Unity's standard scene management weaknesses
When you start any serious project, it is hard to satisfy yourself with Unity's simplified scene management system:
- when you load a scene, everything is destroyed
- this behaviour is probably aiming at limiting memory leaks
- it is possible to do incremental scene load and you can specifically tell unity to not destroy things, but still asset survival is very closely linked to scene creation and destruction
- because the loading and instantiation process is very intensive, you will experience app lockdowns during loads
- download and load of scene is tightly coupled with a "get it when you need it" approach which is not very user friendly ^^
- when you want to instantiate a prefab that is not in your scene (ie from code outside a MonoBehaviour), you have a problem...
These problems are especially limiting on mobile, where memory, processing power, and network bandwidth is very limited.
Asset bundles help but you'll have to handle a lot by yourself
Unity comes with a powerful "Asset Bundle" system that can automatically package assets in compressed files that can be used to later access. There are nice additions in the inspector to specify in which bundle each asset should go, but it clearly looks more like a "mod" than a true feature of the engine. For example, you will have to code the creation of asset bundles by yourself in the build process, you will also have to manage loading and dependencies of asset bundles by yourself. In other words Unity gives you the tools and an example on how to do it, but you will have to create your own pipeline for this to work.
Also when you look closer you find additional problems with the way files are loaded or embedded, for example:
- the larger your asset bundle, the higher the chance that loading will fail on an instable mobile network connection. Unfortunately Unity's system will start loading the file from zero, and therefore chances are high that the download will fail again in the middle. A very frustrating situation for the user!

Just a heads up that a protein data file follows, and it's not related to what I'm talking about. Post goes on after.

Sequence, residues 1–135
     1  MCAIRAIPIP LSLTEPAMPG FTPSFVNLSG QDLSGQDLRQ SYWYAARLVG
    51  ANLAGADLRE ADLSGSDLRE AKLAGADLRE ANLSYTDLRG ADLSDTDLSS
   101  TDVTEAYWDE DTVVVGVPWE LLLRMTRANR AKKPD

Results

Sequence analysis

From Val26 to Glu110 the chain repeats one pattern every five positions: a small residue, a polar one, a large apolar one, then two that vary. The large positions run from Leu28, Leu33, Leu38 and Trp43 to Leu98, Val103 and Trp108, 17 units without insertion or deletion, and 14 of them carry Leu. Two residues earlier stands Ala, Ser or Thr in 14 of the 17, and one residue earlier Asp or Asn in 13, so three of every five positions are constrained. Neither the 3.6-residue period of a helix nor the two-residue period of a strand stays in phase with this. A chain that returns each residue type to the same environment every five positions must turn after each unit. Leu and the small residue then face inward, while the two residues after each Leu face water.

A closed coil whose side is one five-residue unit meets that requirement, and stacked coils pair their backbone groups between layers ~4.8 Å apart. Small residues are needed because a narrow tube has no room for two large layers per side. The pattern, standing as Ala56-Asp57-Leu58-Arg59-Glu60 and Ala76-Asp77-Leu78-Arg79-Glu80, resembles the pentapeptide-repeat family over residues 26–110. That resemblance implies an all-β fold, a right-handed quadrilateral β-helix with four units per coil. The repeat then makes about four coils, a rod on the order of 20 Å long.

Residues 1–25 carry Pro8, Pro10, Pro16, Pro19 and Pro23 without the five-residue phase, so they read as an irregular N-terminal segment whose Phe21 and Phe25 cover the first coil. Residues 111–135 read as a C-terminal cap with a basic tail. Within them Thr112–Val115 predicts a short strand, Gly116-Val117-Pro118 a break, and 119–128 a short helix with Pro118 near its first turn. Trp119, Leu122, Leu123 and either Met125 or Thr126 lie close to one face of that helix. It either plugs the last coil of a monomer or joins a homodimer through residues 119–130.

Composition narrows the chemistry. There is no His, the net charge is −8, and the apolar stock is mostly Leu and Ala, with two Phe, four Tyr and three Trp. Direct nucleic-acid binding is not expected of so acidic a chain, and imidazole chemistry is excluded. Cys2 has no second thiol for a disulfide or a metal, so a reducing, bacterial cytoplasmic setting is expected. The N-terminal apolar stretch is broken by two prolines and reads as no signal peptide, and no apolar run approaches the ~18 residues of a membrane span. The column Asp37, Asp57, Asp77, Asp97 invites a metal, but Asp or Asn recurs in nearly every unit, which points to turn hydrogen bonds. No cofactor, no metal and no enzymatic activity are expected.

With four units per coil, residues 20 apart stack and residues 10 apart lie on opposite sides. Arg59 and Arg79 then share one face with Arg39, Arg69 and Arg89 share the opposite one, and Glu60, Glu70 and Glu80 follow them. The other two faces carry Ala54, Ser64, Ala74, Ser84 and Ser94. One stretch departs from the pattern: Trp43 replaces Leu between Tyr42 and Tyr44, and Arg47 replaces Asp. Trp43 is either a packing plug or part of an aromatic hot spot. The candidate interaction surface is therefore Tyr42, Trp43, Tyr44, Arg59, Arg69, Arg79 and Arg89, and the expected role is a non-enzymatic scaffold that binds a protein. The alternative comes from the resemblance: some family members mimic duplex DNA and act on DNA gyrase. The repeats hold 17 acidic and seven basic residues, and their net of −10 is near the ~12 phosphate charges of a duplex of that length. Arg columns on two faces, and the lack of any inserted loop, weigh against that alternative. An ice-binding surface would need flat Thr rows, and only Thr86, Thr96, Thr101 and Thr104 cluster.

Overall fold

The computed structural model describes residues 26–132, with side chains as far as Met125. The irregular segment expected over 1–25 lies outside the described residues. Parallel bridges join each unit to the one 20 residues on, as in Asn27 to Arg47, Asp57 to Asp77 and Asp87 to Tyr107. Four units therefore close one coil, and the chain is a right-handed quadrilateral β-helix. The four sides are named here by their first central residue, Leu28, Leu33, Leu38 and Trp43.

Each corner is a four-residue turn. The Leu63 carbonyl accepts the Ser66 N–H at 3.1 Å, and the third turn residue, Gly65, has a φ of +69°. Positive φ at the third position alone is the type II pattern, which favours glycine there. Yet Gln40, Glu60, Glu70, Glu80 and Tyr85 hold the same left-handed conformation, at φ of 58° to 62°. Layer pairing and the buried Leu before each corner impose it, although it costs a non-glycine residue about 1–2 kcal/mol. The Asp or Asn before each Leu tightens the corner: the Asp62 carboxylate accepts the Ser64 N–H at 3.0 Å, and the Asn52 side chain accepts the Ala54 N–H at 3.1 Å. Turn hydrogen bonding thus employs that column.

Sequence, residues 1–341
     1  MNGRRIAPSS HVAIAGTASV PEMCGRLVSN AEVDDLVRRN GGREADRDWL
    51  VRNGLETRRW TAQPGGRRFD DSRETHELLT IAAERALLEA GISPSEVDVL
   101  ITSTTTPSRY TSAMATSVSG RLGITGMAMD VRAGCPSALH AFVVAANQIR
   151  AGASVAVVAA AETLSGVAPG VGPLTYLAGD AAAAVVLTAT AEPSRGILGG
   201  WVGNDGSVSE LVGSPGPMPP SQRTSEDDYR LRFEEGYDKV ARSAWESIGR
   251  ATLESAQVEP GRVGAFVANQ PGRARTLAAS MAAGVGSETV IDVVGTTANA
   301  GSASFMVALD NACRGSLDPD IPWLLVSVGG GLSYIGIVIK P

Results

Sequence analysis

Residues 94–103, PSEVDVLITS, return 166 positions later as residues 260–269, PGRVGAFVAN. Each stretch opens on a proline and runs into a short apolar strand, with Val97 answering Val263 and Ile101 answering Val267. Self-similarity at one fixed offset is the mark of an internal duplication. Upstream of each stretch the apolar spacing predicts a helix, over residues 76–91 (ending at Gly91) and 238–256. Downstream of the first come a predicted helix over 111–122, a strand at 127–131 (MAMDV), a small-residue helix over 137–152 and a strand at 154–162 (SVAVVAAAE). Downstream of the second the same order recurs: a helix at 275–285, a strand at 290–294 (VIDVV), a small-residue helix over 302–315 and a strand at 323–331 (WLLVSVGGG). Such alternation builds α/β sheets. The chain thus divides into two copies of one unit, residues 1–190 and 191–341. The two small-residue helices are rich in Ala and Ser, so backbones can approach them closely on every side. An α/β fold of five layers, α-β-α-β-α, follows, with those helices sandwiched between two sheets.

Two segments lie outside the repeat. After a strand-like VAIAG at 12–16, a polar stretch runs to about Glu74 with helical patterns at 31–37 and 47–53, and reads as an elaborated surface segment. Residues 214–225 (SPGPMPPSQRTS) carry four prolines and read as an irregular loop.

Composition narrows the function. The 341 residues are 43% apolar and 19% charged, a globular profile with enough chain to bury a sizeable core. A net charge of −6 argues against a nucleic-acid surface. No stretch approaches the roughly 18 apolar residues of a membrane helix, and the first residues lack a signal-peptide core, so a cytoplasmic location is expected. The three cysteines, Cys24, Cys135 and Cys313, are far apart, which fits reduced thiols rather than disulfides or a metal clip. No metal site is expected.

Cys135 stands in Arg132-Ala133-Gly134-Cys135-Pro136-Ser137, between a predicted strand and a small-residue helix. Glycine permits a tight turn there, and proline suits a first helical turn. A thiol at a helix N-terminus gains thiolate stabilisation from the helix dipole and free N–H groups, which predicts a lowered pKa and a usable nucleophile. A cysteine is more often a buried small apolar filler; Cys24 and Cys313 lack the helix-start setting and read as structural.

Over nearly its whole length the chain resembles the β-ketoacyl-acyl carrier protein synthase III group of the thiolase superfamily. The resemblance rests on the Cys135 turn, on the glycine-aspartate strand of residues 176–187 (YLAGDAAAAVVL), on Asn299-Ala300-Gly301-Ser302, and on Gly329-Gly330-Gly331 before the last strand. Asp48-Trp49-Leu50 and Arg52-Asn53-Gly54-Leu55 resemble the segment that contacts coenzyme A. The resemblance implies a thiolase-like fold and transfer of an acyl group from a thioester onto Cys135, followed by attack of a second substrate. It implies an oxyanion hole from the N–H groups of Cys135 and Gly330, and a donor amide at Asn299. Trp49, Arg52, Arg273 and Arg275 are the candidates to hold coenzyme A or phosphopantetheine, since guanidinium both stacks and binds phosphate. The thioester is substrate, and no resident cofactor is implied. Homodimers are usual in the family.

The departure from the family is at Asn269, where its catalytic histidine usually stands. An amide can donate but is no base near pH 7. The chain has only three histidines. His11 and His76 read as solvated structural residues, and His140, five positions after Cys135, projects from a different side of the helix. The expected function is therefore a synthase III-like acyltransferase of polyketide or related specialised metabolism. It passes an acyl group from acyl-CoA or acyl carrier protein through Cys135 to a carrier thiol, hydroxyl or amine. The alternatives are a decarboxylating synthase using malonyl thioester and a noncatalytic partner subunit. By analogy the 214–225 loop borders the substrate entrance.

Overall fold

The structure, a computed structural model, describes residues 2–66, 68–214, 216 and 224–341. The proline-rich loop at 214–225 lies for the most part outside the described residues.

- on Android, the assets are embedded in the jar file, and therefore they are compressed twice and cannot be accessed with standard I/O functions
My AssetMgr and SceneSystem
- All assets that the game uses need to be assigned to small bundles in the inspector
- My custom build process builds asset bundles and optionally uploads them on an ftp server, and/or embeds them in the APK/IPA/EXE
- Asset bundles can be overiden to simulation in Unity Editor so the game can run instantly without building the asset bundles*
- On runtime, everything is downloaded & loaded by my SceneSystem through the AssetMgr before the Scene starts
- Download is not the same process as loading asset to memory, and can decide if it's best to use embedded assets. Download is managed through BestHTTP, which provides functionality to resume load if it got interrupted. Files can still be discarded at load time in case they are corrupted, thanks to Unity's AssetBundle MD5 check.
- The game code makes intensive use of AssetMgr to get loaded asset and instantiate prefabs on the fly
- Scene switching is managed by my SceneSystem (each SceneSystem is actually a prefab and not a Unity Scene), and all scenes can run either in the game as a whole, or stand alone. This makes it quicker to jump directly to your scene for debugging purposes.
* this also solves an issue with bundle shaders, since asset bundles are platform-specific it will not contain shaders for your Editor system if you target mobile for example. This will cause some infamous magenta shaded elements in your game if you run it in the editor while using inappropriate bundles.